It’s now approaching six months since the Mazda6 diesel was supposed to debut in America, with the problems being blamed on a lack of zoom-zoom and low oil levels. The Truth About Cars is now reporting that the delay may come down to a need for a diesel after-treatment to meet emissions regulations, which could delay the Mazda6 diesel another year.
An anonymous source told TTAC that the treatment-free SkyActiv-D engine couldn’t meet American emissions standards while providing enough power for consumer expectations, forcing Mazda engineers to go back to the drawing board. European automakers like Mercedes have had similar problems, which led to the addition of after-treatment solutions applied to engine emissions to reduce NOx and soot particulates.
Now Mazda is trying an unspecified aftertreatment solution to help its diesel engine meet both emissions standards and the needed-output to sate Mazda fans. It’s a delicate tightrope act that automakers have to walk in order to appease customers and government regulators, and it will be another year before a diesel Mazda makes its way to America. The Mazda diesel racing campaign will be close to ending its third season before you can actually buy a diesel Mazda, and I fear much of the initial momentum behind the campaign is already lost. Or it could give Mazda a second chance to make a lasting motorsports impact with its diesel powertrains and rekindle effort in a long lusted-after diesel drivetrain. That leaves just the SkyActv-G and i-ELOOP supercapacitor system to provide the wanted fuel economy improvements.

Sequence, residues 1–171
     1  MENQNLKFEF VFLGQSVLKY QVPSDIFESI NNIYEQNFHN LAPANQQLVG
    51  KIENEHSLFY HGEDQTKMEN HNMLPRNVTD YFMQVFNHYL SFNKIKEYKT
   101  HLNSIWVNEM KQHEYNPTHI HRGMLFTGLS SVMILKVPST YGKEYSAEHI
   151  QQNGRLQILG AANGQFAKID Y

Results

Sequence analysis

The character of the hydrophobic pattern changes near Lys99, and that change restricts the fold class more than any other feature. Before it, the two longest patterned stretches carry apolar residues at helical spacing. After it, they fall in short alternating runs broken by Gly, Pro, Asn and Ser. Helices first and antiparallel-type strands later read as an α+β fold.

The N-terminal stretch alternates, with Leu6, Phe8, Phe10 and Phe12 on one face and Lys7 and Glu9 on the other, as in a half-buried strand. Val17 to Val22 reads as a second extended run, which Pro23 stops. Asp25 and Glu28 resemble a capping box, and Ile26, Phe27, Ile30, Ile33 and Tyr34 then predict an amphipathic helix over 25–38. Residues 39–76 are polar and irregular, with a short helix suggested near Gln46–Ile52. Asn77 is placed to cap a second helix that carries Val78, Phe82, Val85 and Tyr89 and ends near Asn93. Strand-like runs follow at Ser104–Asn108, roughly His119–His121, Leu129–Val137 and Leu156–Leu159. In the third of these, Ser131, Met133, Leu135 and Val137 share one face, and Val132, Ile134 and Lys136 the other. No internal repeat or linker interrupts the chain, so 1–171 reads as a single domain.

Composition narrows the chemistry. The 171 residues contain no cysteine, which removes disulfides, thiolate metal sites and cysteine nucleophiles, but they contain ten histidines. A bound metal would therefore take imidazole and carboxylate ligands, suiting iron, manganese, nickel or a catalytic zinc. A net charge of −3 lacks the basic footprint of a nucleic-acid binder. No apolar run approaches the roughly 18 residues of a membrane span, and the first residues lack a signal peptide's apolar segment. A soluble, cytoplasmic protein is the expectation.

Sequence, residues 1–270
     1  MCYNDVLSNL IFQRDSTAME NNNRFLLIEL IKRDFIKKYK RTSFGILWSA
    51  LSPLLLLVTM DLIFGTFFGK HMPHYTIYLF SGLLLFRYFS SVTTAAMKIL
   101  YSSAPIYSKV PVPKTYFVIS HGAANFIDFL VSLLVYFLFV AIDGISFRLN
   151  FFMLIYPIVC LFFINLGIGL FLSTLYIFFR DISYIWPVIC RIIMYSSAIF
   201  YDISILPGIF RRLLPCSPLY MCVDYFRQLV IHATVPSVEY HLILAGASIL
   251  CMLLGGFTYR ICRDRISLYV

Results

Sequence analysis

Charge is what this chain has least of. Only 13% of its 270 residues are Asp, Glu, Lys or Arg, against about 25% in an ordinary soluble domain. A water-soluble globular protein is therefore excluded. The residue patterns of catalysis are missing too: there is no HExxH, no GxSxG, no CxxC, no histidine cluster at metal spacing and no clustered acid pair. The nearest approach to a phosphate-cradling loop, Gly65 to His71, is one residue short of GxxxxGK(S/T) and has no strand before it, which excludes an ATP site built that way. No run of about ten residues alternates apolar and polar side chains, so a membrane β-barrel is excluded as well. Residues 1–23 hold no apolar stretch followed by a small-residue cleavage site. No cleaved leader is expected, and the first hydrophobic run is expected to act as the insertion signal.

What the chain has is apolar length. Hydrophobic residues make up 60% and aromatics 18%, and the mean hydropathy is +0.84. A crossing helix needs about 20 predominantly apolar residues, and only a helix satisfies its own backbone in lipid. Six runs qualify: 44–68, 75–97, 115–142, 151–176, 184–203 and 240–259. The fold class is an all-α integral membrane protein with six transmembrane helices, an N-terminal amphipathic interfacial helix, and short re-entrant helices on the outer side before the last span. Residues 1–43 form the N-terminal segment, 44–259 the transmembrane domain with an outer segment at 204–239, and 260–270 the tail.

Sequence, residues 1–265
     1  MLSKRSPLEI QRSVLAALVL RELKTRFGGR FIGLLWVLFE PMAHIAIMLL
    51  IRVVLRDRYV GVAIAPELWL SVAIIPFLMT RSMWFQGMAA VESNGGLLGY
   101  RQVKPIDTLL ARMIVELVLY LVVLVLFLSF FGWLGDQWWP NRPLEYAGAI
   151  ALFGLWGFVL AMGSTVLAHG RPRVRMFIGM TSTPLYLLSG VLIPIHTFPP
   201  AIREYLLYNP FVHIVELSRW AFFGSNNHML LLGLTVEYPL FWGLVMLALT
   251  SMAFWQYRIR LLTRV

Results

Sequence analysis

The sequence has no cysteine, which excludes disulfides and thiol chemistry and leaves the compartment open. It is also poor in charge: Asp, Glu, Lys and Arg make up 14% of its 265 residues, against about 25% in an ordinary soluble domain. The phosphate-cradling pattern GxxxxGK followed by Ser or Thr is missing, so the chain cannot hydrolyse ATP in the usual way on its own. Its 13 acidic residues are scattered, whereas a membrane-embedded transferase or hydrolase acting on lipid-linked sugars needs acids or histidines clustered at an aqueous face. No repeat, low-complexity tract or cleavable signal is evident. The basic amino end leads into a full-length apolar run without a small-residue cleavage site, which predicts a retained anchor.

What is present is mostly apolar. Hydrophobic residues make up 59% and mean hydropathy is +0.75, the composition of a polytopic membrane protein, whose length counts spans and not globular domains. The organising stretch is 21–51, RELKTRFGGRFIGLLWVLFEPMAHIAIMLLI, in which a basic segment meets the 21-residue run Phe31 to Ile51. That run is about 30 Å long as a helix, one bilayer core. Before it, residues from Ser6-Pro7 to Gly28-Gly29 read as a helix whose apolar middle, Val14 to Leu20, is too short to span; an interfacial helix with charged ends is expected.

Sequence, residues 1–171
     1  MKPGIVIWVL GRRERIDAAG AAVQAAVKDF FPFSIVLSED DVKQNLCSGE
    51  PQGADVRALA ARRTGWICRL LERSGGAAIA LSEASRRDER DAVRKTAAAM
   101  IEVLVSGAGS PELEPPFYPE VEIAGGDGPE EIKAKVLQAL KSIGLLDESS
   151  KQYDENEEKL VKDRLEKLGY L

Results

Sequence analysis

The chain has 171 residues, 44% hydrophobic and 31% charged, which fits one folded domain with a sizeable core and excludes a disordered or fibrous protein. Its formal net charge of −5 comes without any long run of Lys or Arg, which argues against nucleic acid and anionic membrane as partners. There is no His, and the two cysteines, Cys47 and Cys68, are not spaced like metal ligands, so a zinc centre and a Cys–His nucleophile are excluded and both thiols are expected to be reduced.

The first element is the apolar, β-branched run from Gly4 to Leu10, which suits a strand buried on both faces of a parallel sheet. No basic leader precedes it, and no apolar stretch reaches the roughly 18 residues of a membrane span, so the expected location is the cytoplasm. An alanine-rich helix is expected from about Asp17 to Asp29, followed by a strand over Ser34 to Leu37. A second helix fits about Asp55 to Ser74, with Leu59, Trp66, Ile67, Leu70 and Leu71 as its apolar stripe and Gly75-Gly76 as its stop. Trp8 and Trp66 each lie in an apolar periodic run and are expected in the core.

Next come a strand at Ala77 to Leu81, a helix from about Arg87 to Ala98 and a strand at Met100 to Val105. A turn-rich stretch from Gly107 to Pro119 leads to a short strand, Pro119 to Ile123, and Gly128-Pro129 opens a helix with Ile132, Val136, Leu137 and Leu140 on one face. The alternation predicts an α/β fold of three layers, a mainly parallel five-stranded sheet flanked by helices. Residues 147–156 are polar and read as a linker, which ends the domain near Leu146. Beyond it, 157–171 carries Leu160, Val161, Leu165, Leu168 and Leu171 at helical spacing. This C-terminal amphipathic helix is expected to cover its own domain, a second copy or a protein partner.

I’m still looking forward to some seat time in the Mazda6 diesel, but will it come soon enough to appease the EPA?